Sunday, April 24, 2011

Haenel 303-Super Reassembly and Muzzle Weight

All set to reassemble the 303 until I noticed the breech seal was dead flat. Might have even been rebated slightly. I don't think that's a particularly good thing for a breech seal. Could have just shimmed it out, but for the time it would have taken me to make a shim, I opted for a new seal instead.

Dug it out, guessed at the correct thickness...

and found a scrap piece of a dead leather sling.

A couple punches on a block of wood,

and we're in business. Hit the seal with some pure silicone oil then started to put the gun back together.

Skipping the boring stuff. Painted the mainspring with a coat of moly.

Even skipped the spring compressor since I knew how little pre-load was involved. Used a deep socket and just leaned into the workbench. The plate and cross-bolt went together easily.

This gun doesn't require the barrel be attached to the compression tube before the mainspring is installed. Moly'ed the daylights out of the pivot joint and barrel latch. Excess will be wiped off.

Pivot bolt snugged up.

Lock bolt installed.

Trigger unit goes up then forward into the tube.

Like so.

Installed the end cap (I ran out of enthusiasm to make a steel cap) started the cross pin, installed the safety lever and drove the cross pin home. It's not a tight fit. It just keeps the trigger group in location.

Had to deepen the spring seat about 1/16" to accommodate the more substantial steel "button" made in the last post.



Button with a bit of moly. The cocking lever sits on top of this button and slides across the face as the rifle is cocked. The spring loaded button pushes the cocking lever upward against the compression tube. Installed all the stock bolts and trigger guard and test fired the gun. Vibration is now virtually non-existent, though the gun still has some recoil. No surprise--it's at least four pounds lighter than a typical 10-meter rifle. Trigger is now in the realm of useable. Feels pretty much like a Rekord at this point. I'm not really interested in making this an eleven pound target beast, but the gun does need some additional muzzle stability.

Ordered a piece of 3/4" OD steel tubing from Speedy Metals. It's a DOM tube--Drawn Over Mandrel--the tolerances are typically tighter and the seam is essentially removed during manufacture.

It's not quite the slip fit over the barrel that I'd hoped for. It has an ID of 0.560" but the barrel measures between 0.555" to 0.562". Gotta open the bore up a tad. I don't have a boring bar 4" long so...

Chopped about 8" of tubing into three random length pieces.

Faced all the ends on the Taig.

Then bored all the pieces out. The longest piece was bored out just beyond half it's OAL, then flipped around in the jaws and finished. The amount of overhang shown here didn't work well.

The steady rest took care of the flex from the tube. Now, the flex from the boring bar was another matter--but it worked.

Two of the three pieces bored to size. Testing involved trying to slide them over the muzzle. Tricky.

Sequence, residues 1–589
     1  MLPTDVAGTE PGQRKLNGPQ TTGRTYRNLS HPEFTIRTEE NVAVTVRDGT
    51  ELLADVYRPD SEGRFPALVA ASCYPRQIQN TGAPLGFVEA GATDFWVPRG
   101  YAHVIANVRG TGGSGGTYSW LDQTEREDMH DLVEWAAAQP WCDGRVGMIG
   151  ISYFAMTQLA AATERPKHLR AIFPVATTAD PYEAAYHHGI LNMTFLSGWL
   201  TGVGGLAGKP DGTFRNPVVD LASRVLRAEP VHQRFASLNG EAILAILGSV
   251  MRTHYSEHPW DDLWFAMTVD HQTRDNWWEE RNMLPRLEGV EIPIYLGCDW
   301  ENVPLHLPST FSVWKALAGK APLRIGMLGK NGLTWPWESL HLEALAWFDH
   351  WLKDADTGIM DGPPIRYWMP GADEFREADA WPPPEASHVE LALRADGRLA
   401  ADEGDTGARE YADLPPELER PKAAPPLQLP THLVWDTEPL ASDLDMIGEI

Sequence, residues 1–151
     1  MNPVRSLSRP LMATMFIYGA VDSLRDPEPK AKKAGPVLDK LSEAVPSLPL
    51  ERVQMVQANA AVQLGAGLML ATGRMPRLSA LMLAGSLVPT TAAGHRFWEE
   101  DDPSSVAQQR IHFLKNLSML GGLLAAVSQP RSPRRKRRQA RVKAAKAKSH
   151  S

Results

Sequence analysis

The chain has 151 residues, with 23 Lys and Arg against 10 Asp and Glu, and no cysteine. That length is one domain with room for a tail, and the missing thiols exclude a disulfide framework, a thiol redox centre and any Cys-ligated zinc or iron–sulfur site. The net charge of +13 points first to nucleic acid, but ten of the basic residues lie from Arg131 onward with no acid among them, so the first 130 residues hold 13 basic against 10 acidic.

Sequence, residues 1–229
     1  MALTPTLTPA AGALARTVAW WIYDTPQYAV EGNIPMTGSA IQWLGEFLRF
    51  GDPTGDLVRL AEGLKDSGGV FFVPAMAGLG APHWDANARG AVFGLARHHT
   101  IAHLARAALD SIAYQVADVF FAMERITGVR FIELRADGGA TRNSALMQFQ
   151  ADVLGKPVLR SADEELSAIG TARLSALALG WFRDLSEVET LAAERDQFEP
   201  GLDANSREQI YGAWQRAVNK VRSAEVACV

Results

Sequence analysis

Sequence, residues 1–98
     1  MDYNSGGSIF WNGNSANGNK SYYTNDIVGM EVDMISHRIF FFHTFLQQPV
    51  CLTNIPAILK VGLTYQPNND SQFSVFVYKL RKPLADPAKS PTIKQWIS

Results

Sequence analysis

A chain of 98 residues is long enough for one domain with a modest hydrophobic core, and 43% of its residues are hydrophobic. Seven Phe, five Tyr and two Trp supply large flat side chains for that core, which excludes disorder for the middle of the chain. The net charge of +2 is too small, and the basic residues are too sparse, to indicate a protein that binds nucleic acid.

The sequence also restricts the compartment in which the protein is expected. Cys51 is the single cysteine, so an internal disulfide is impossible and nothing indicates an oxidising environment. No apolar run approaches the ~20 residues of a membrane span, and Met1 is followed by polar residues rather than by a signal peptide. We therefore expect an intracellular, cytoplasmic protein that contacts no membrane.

The medium length piece was voted most likely to be tapered.

The compound was used on the crosslide to cut the taper. I didn't measure anything--just set an angle that looked good.

Lot of light passes at this stage will cut the final finishing time tremendously.

The three pieces lined up. About seven-and-a-half inches here after-all-the-facing.



Chucked each piece and sanded. Yes, the lathe bed was protected with extra aluminum foil from my hat.

A fine sanding pad followed by 500 grit emery paper worked well.

Need some set screws to attach the weight to the barrel. Luckily, I had just enough M4's--all the gun's fasteners are metric, so I try to stay consistent. A #30 drill bit is pretty close to the tapping size I need.

Centered up a vee block and spotted the pieces with a center drill.

Followed by the #30.

The long piece gets two set screws, so to put them in the same line, I drilled and tapped one hole before drilling the second.



I left the tap still threaded into the first hole sticking up.

By sighting from the side, I rotated the tube until the tap appeared parallel to the drill bit. It's not the perfect solution, but it works well enough for projects like this.

Still trying out the Van's Instant Gun Blue. So far, the "after-rusting" that plagues most of the cold blues hasn't happened. Van's is supremely easy to blend and doesn't wipe right off on an oiled rag the next day. It's possible to really buff the work with steel wool and the bluing stays put. So far, I think it's a winner.

Looks like a close color match. Really trying to make the weight unobtrusive. Want it to look like an original part from the factory.

The, uh, front sight.

Lots-o-options. Like no weights.

Or one weight...

Two weights--option A.

Two weights--option B

Three weights. Heady stuff!

The three combined add just over a quarter pound of additional weight to the muzzle.

Final: Well, sleeving the transfer port took care of the piston hammering into the end of the compression tube. As I was shooting the gun this evening, it was so nice, it was almost easy to forget just how bad it actually was from the factory. It's now very, very close to what I envisioned this old gun to be when I first saw it.

I didn't have time to set up the chrony, so next time it's out, I'll probably throw some velocity numbers in here.

I'm calling it quits on the Haenel for now. I'll probably come back to it in a couple weeks. Entertaining the idea of inletting an accessory rail into the forend. Yeah, the rail is already sitting here, but I want to do some work on the new TF79 from Guy first.

More soon.

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